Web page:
Insofar as AI companies brag about the “realistic” capabilities of their technologies, and image generators default to a photorealistic style unless otherwise prompted, we can think of AI art as an extension of the realist tradition. As an artistic movement, realism is attributed to nineteenth-century artists like Gustave Courbet and Jean-François Millet, who rejected the idealized subjects of the academic mode—which was historically focused on illustrating dramatized, theatrical scenarios like the Death of Socrates or mythic fables like the cherub-filled Birth of Venus—to depict everyday scenes in an almost reportorial fashion.

The emergent aesthetic of AI appeals to a belief, however tenuous, in big data’s ability to deliver an accurate representation of the world.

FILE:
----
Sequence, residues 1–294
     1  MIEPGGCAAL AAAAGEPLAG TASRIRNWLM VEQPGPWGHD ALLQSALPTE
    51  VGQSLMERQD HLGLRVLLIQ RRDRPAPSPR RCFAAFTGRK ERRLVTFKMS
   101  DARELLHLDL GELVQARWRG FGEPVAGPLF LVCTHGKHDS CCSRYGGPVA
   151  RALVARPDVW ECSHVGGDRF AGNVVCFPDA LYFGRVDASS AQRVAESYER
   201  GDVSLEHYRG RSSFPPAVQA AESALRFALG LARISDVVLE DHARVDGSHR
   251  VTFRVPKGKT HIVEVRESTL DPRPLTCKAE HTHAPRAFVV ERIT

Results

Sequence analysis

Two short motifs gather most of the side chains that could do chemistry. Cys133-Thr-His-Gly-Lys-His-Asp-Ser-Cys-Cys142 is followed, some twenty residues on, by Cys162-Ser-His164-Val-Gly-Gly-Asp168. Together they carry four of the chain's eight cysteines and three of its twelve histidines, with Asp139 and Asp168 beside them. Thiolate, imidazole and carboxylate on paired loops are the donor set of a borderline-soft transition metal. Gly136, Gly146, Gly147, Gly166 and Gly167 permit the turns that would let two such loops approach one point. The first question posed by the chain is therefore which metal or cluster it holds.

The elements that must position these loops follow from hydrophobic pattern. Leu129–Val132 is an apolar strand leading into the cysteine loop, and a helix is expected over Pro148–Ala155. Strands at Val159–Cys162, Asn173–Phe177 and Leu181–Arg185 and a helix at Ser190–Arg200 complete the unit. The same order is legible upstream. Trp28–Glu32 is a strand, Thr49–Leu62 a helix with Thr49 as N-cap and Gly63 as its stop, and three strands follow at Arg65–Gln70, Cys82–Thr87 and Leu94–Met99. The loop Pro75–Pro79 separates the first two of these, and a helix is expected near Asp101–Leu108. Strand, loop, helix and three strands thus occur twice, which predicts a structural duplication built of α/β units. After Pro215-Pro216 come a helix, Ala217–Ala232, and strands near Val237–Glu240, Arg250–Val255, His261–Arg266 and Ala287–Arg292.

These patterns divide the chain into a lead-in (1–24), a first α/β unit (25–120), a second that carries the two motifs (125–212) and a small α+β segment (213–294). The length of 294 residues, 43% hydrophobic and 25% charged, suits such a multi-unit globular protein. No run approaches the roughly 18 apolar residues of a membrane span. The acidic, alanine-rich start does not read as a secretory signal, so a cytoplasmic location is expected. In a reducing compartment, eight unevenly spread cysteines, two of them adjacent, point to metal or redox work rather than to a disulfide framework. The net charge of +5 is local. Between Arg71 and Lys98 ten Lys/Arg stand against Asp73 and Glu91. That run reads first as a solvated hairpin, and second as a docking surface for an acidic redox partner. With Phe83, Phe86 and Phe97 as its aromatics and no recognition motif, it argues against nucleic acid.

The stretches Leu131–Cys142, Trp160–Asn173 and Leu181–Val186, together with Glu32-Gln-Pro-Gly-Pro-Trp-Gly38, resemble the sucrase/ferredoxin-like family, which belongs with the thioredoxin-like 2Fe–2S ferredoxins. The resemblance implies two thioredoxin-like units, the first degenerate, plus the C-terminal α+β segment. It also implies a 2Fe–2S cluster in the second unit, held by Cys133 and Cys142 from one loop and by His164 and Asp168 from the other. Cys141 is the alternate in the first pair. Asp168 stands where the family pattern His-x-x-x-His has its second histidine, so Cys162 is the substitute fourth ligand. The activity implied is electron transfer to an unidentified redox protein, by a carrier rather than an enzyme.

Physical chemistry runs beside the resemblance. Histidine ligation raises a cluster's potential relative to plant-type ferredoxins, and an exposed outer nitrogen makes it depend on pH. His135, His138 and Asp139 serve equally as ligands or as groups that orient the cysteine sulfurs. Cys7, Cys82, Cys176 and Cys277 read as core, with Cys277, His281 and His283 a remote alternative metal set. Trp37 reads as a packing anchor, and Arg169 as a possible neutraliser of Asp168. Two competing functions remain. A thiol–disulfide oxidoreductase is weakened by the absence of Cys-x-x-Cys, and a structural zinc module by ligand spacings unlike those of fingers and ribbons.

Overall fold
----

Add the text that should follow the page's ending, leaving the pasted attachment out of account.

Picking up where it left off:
As a broader visual sensibility, however, realism refers to a style that attempts to render things “as they are” in a self-consciously neutral manner. We can trace this sense of realism back to the Renaissance period, when scientific and mathematical developments intersected with the arts to produce a naturalist aesthetic that tried to capture the appearance of things with a higher level of pictorial accuracy. It was during this time that tools like the perspective grid were developed to translate three-dimensional space into a flat surface, while increased attention to sciences like anatomy enabled artists to render the human form with startling levels of detail. Some art historians even hypothesize that painters of this era utilized optical instruments like the camera obscura to project images onto canvases, leaning on technological aids to partially automate the visual reconstruction of reality.